On election day, voters in eight states were asked to decide whether or not to amend their state constitutions to ban gay marriage. In seven of those states, initiatives were passed to make such amendments.

Voters in Colorado, Idaho, South Carolina, South Dakota, Tennessee, Virginia and Wisconsin decided to ban gay marriage. In Wisconsin, Madison Bishop Robert C. Morlino led the battle, directing all the priests of his diocese to play a tape-recorded message from him in place of a homily on the weekend before Election Day. In the recording, Bishop Morlino addressed those who say opposition to gay marriage is discriminatory, “unfair or unloving.” The bishop’s response: “I’m so tired of reading that…. Nobody has a right to redefine marriage.”

Surprisingly, Arizona voters turned down the ballot initiative in their state by a narrow margin, 51-49 percent. But if you combine the results from this past election with the other 20 states where similar measures have previously passed, the message is clear: a majority of Americans are not in favor of allowing gays to marry.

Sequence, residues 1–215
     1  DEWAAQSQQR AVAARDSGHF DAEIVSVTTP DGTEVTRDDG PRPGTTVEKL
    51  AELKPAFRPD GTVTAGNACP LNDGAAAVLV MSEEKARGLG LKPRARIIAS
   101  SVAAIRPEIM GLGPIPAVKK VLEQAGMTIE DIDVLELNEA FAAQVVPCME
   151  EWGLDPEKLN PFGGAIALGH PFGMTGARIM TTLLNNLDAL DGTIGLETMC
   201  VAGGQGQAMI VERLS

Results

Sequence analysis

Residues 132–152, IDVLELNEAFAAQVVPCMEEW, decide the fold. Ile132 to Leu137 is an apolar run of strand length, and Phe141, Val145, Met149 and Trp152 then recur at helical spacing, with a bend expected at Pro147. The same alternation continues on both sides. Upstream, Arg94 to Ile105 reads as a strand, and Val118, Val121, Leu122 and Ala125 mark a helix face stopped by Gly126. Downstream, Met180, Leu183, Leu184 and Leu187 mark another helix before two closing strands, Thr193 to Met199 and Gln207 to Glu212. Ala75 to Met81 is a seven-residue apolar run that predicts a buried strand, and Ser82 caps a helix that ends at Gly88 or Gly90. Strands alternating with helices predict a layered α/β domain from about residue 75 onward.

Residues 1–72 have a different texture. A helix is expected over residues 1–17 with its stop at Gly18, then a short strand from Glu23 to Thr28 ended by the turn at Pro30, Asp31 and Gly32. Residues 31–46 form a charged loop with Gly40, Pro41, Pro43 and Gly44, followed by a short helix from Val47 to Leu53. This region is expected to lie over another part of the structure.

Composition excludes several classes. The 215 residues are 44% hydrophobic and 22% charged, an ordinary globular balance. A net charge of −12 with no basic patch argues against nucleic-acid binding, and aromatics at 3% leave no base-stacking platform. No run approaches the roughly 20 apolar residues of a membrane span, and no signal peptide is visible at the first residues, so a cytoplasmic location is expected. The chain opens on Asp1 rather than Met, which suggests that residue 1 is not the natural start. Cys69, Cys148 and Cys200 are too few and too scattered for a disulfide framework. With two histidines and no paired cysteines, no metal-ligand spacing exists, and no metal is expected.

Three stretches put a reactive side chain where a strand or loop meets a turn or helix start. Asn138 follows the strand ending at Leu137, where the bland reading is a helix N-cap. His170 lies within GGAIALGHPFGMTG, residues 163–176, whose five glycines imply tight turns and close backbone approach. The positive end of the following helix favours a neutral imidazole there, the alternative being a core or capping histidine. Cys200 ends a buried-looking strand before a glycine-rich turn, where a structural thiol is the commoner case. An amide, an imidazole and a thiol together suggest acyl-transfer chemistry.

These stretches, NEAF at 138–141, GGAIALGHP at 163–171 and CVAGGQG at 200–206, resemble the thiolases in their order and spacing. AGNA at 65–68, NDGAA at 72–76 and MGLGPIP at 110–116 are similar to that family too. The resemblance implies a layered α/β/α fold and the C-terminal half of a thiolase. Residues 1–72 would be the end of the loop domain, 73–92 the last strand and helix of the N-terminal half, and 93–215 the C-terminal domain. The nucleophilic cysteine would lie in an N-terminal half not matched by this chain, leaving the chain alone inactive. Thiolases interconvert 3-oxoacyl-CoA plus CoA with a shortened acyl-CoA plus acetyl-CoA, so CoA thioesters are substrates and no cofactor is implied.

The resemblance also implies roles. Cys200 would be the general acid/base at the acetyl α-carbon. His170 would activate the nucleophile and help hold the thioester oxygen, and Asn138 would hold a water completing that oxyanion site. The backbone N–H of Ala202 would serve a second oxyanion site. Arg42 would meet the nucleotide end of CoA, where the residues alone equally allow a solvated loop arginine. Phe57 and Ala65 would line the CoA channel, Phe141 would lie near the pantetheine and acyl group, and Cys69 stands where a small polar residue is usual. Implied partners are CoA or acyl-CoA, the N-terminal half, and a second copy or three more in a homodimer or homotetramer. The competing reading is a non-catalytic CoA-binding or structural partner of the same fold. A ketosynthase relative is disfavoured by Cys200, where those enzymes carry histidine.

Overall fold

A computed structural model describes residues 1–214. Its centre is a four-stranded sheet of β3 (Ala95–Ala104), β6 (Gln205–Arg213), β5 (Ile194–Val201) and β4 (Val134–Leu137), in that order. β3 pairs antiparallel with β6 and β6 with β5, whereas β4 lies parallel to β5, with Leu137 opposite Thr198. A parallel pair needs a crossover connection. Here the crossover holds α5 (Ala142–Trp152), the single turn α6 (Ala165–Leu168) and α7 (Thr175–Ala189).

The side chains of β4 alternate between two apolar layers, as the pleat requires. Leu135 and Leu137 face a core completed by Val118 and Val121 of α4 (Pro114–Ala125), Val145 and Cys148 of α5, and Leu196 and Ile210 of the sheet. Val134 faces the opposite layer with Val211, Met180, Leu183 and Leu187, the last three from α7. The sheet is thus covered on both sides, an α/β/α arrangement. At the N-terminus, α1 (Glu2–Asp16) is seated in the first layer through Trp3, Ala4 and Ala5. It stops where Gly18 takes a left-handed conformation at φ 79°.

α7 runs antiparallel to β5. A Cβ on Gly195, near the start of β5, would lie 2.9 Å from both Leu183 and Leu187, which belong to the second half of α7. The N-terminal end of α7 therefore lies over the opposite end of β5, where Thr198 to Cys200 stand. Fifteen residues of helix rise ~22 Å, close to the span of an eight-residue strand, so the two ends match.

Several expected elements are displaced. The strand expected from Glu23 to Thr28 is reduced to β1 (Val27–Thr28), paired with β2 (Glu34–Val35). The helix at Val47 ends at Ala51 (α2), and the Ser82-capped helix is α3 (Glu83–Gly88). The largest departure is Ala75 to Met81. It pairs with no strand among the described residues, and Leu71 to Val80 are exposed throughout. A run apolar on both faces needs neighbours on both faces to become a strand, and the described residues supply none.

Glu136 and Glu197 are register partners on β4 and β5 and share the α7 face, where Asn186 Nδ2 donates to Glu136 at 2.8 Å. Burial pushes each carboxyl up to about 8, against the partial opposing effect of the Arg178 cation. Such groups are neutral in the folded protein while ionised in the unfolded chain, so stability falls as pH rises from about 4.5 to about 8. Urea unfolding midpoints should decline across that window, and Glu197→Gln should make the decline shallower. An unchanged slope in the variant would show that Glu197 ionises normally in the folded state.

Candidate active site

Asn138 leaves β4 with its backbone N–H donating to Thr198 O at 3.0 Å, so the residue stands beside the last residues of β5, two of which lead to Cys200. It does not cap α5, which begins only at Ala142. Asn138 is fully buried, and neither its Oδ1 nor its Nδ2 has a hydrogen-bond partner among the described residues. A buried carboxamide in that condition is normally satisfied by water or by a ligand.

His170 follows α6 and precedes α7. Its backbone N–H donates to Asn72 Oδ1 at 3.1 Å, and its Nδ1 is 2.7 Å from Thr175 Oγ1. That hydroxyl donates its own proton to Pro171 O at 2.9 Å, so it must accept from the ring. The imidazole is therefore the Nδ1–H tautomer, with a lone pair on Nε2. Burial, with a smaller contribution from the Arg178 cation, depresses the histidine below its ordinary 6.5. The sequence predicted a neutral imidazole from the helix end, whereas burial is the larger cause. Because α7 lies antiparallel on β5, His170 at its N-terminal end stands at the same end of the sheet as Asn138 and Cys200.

It’s interesting, though, that gays find they can’t win with the American public, so they’ve decided to take the battle elsewhere: the courts. And so far, they’ve been successful there, most recently in New Jersey.

On October 25, the New Jersey Supreme Court said that gay couples have a constitutional right to the same benefits as married men and women, but it stopped short of saying gays had the right to marry. In 2003, Massachusetts’s Supreme Judicial Court ruled that gays should have a right to marry.

Such decisions are a wakeup call to the vast majority of Americans who are opposed to gay marriage but are reluctant to access the constitutional amendment process as the right remedy. Their reluctance is prudent: it is a grave decision to amend the constitution. But when faced with the prospect of arrogant judges who continue to appropriate powers to themselves that are nowhere authorized in law, many will now reconsider their reservations.

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